REVIEWS: White Girl Wasted (at PortFringe Installation Fest)

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‘Known locally for their simplistic art installations with a deep message, ‘White Girl Wasted’ at New Fruit was a capsule of discovery through the use of string lights, clothespins, a highly effective message about self-truth, and several selfies of this beautiful human named Jessica Lauren Lipton. A brilliant display full of embodied imagination as a part of Installation Fest, I am was incredibly impressed with the event and wish I had the opportunity to see the conclusion of its art. I simply can’t wait to see what lesson Jessica has for us next.

— CHRISTINA W. RICHARDSON, PortFringe 2019 Review Team

White Girl Wasted was a perfect addition to the Fringe Instillation Fest. Contemplative, direct and simple the piece focused on the underbelly of drinking culture and the very real effects it has on those that are caught in it. Raw and relatable, I would recommend following up on what this artist does next. ( Here’s hoping we will get to see this piece fleshed out even more in the future!)

— TARRA BOUCHARD, PortFringe 2019 Review Team


My experience of stepping into the installation of White Girl Wasted at New Fruit was that of confession and fortitude. On the walls hung a vast series of selfies of artist Marissa Gold and playing through speakers and echoing through the rooms was a series of her confessions around the struggles of her eventual sobriety. Deeper into the space we had the option to watch as she went through the process of deconstructing her selfies by violently throwing shot glasses of Everclear and salt at the photos, causing the ink to drip from the selfie, allowing the colors to blur and dismantle the image. It’s a really cool effect and was perhaps the most intriguing aspect of the installation. Gold herself wore a tank with the wording “White Girl Wasted” and baseball cap pulled deep down almost shielding her eyes completely. This was a solitary act that we were experiencing – she was not here to entertain but to go through this arduous yet seemingly crucial act of destroying her former self. Audiences were given the options to either listen to the projected audio, read the manuscript, or go deep into Gold’s website to find the audio clips to listen individually via smart phone and ear buds. I chose the projected audio since it was the easiest and most accessible option for me but I do wonder, had it been easier to access the individual audio if maybe I would have felt a deeper connection with her story? For all of her deep confessions around the painful path toward sobriety I left the installation craving a little more depth and enlightenment.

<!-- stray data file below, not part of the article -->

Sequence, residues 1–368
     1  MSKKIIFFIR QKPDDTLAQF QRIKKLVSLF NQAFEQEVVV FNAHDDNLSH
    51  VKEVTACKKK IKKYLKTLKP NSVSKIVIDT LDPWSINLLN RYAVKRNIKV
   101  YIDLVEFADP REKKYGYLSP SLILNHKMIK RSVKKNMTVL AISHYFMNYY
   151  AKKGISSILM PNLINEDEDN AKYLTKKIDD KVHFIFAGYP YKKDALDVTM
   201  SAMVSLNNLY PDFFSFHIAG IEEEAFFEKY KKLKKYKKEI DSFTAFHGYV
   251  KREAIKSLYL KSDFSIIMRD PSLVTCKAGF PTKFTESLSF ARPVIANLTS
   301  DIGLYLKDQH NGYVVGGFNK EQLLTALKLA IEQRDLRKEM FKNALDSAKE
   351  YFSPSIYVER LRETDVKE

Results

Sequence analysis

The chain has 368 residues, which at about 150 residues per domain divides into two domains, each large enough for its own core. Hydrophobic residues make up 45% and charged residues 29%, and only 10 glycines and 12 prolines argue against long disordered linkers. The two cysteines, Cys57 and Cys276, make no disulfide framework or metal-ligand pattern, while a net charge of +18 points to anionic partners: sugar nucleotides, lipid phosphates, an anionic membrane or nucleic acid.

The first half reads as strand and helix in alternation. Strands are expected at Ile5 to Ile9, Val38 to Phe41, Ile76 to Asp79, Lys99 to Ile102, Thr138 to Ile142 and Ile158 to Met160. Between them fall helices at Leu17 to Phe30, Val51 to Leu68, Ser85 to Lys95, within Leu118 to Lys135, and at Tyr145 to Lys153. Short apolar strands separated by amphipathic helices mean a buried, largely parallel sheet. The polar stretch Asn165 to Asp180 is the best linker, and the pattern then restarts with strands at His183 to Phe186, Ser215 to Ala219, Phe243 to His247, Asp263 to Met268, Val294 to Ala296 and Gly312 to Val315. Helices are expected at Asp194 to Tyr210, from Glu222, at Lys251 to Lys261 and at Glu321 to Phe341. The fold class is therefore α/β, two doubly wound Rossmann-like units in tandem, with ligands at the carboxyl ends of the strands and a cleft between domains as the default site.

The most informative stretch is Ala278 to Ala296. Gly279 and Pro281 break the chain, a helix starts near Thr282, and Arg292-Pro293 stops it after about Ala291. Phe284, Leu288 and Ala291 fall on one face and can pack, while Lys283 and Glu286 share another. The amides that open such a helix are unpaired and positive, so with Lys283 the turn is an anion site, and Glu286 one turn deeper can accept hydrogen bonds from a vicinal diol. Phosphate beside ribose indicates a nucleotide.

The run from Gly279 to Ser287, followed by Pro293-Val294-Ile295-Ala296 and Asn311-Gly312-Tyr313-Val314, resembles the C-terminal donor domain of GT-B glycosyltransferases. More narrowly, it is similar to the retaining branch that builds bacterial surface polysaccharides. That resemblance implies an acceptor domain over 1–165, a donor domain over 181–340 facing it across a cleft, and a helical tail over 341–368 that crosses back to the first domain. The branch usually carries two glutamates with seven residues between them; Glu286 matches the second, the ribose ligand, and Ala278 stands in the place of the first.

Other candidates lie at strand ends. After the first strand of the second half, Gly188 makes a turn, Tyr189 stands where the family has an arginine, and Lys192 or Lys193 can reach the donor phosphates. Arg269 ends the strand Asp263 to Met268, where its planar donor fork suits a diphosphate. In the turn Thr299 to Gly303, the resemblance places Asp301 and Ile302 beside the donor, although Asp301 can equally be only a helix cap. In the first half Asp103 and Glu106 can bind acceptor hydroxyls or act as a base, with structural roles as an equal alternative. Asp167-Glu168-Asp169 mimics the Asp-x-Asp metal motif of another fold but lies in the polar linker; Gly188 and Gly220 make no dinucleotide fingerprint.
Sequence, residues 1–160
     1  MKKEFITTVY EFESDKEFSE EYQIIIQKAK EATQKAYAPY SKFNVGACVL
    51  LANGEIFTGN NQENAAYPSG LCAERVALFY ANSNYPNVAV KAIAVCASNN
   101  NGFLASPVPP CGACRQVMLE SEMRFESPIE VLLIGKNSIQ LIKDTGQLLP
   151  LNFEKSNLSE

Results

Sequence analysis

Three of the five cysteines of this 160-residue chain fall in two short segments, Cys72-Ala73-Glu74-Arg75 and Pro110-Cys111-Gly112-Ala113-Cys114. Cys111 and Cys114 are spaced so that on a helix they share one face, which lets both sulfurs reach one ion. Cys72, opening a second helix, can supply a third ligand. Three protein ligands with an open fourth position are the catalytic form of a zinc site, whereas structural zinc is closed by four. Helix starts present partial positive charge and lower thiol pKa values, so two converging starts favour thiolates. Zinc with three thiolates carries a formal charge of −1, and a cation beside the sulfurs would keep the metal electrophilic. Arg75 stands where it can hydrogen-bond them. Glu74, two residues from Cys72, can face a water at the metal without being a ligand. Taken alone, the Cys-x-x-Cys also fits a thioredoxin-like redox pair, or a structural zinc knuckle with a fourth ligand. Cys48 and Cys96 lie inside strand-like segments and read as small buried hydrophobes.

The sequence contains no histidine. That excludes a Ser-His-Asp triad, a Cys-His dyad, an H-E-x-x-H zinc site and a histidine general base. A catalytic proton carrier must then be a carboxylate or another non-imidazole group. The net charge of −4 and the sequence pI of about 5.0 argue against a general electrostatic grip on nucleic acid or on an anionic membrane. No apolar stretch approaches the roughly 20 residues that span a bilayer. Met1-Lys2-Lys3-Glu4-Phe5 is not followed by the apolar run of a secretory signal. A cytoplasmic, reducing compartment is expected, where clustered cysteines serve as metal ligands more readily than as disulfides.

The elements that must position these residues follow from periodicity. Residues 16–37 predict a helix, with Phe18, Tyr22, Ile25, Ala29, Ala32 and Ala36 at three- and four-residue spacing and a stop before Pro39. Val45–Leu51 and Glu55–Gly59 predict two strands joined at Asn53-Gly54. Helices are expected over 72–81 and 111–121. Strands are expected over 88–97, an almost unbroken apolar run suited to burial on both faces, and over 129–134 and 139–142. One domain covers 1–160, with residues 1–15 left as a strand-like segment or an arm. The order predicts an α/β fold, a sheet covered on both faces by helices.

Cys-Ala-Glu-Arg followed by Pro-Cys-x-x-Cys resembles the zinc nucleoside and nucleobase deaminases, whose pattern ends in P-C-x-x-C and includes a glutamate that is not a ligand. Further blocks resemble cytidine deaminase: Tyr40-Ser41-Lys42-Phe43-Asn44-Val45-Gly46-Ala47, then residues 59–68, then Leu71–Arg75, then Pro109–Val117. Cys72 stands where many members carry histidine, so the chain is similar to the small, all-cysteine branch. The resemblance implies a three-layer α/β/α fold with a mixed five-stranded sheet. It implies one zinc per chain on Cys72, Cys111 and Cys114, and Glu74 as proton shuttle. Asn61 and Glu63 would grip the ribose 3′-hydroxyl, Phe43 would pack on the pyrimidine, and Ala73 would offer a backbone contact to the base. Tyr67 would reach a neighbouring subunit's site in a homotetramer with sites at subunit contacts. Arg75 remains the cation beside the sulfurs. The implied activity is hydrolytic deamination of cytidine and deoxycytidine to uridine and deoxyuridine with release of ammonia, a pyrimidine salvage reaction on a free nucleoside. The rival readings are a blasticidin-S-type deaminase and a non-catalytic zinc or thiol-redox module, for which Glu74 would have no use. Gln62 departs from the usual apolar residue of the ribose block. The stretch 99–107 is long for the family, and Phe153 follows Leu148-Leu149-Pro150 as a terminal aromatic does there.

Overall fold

Anonymously submitted – PortFringe 2019 Review Team